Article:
46. Lorenzo Castillo
Discover the Spanish designer’s work, including hotels in Paris and Madrid.
Philosophy: “Classic intellectual style with a modern spirit.” Projects: Summer houses in Barcelona and Biarritz, France; hotels in Madrid and Paris; a townhouse in London. Favorite Hotel: Le Sirenuse in Positano, Italy. Favorite Museum: The State Hermitage Museum in St. Petersburg. Favorite Garden: The gardens of Bomarzo, Italy. Key Influences: Geoffrey Bennison, Henri Samuel, Albert Hadley, Robert Kime. Inspiration:“Madrid always—for its sheltering skies and world-class architecture.” Dying to Visit:Casa de Serralves, an Art Deco villa in Porto, Portugal.
47. M (Group)
The New York firm knows how to create a home that makes you stop and stare.
Philosophy: Principals Hermes Mallea and Carey Maloney aim to create “elegant and thoughtful homes.” Projects: The restoration of a 19th-century Hudson Valley house, a vacation home in Mexico. The Next Big Thing: “A rediscovery of Baroque and Rococo decor.” Favorite Garden: Geoffrey Bawa’s Lunuganga garden in Sri Lanka. Favorite Building: The New York Public Library.
48. Mark Cunningham Inc.
Discover the work of Mark Cunningham Inc., from a charming Martha’s Vineyard summer home to a 1930s Georgian mansion on Long Island.
Philosophy: “Take each project for what it is and who it’s for.” Projects: An estate in Massachusetts, a superyacht, a Manhattan duplex. Clients: Sir Evelyn and Lady de Rothschild, Francisco Costa. Favorite Hotel: Amangiri in Canyon Point, Utah. Favorite Museum: The Cy Twombly Gallery at the Menil Collection in Houston. Favorite City:Copenhagen. Key Influences: Louis Kahn, William Wurster, David Adler, Frances Elkins, Billy Baldwin. Favorite Building: Seagram Building, New York. Favorite Garden: Desert Garden at the Huntington, San Marino, California.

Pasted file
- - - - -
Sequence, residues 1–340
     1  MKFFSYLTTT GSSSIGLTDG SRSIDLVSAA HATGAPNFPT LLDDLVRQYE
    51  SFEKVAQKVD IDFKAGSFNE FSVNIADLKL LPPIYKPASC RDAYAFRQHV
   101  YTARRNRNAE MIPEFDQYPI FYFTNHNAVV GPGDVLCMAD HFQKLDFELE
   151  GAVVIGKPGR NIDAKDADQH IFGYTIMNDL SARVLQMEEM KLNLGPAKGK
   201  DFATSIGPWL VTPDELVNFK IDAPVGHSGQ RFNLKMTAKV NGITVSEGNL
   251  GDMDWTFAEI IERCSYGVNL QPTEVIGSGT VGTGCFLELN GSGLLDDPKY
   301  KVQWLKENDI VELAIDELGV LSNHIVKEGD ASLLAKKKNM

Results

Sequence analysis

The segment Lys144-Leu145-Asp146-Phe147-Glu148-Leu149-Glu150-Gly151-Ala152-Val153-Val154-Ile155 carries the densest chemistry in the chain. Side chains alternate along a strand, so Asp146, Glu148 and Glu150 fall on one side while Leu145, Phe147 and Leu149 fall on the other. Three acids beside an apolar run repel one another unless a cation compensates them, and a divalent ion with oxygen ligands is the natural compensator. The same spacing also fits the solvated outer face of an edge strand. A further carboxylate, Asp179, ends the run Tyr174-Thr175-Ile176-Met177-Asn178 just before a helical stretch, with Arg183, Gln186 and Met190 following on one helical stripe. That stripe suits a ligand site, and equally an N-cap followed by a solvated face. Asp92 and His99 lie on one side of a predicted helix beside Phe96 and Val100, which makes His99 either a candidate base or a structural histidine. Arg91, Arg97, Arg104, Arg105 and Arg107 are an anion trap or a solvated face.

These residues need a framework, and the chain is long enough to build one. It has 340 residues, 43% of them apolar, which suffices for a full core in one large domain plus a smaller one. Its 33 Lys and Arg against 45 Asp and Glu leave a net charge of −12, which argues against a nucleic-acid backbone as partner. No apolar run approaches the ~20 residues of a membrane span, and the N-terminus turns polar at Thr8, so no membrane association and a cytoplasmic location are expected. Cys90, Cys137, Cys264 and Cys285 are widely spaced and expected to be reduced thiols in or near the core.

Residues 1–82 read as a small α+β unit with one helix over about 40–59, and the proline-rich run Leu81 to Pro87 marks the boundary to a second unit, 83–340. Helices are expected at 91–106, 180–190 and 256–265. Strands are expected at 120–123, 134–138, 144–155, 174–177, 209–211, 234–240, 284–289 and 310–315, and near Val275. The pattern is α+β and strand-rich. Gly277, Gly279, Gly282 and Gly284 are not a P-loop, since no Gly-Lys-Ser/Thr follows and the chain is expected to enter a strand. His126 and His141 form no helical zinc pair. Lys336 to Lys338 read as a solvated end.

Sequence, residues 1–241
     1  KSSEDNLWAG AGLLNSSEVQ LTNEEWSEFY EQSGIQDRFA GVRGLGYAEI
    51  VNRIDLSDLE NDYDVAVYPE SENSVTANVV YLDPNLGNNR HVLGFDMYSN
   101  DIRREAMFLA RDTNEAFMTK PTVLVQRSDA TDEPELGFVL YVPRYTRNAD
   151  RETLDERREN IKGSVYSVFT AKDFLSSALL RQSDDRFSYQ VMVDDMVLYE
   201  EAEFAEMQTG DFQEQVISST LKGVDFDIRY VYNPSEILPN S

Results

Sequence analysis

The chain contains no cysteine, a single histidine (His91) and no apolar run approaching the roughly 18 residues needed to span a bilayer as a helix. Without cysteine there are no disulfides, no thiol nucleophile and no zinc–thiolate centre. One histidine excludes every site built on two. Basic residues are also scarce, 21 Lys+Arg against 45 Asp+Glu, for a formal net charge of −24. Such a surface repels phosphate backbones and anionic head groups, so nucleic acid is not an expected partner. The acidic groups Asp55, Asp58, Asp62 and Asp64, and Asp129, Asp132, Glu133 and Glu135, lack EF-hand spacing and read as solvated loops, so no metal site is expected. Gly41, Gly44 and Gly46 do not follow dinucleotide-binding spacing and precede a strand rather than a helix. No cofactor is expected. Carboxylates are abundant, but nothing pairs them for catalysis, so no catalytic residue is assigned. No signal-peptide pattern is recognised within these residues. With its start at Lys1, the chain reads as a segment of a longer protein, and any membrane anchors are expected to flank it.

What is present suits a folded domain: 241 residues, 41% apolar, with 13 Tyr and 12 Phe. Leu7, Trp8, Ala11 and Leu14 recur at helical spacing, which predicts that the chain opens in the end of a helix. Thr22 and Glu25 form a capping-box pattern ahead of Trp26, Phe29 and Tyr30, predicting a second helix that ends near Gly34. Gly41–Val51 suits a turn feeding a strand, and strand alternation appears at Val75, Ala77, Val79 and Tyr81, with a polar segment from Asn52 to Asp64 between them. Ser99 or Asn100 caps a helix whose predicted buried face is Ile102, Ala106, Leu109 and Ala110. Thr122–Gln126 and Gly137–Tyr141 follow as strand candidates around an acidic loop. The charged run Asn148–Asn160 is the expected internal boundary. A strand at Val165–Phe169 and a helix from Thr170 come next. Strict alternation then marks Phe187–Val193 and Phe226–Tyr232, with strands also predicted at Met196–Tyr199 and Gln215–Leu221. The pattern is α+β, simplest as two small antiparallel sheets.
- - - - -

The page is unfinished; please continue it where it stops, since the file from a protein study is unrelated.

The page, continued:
49. Mark Hampton LLC
Discover the work of the legendary firm, from Alexa Hampton’s own New York City residence to a chic apartment in Manhattan’s Pierre hotel.
Philosophy: “Eclectic design that is as logical as it is unique,” says principal Alexa Hampton. Projects: Homes from the South of France to Skaneateles, New York. What’s New: As creative director for ATGStores, Hampton just launched “a big, beautiful website with e-commerce.” Favorite Garden: Il Labirinto at Villa Pisani in Stra, Italy, “because I love mazes and puzzles.” The Next Big Thing: “Pattern!” Favorite Museum: Sir John Soane’s Museum in London and the new Museo dell’Opera del Duomo in Florence. Favorite Building: The Pantheon in Rome. Favorite Restaurant: La Table de Joël Robuchon in Paris. Favorite City: Florence, Italy. Key Influences: Karl Friedrich Schinkel, Michaelangelo, Mark Hampton, Carlos de Bestegui, Emilio Terry, David Hicks, Madeleine Castaing, Renzo Mongiardino, Bill Blass, Givenchy.
50. Markham Roberts Inc.
Designer Markham Roberts on his favorite hotel in Italy and why you should visit the Indianapolis Museum of Art.
Philosophy: “To give clients rooms that are reflective of the way they want to live, rather than imposing a style on them.” Projects: A Shingle Style house in Southampton, New York; a 19th-century barn in the Hudson Valley; a neo-Regency estate in Los Angeles; a dewaniya (reception area) for a villa on the Red Sea. Favorite City: “London always puts me in a good mood!” Key Influences: “Architects who understand the importance of decorating—like David Adler, Harrie T. Lindeberg, or Gil Schafer, working today.” Favorite Hotel: The Villa San Michele in the hills of Fiesole above Florence. Favorite Museum: The Indianapolis Museum of Art, which includes the superb Miller House in Columbus, Indiana. Favorite Building: My Second Empire–style house in the Hudson Valley. Favorite Garden: The Bloedel Reserve on Bainbridge Island, Washington. Favorite Restaurant: Indochine in New York.
51. Martyn Lawrence Bullard Design
The California designer tells us about his star-studded client list and the key to modern luxury.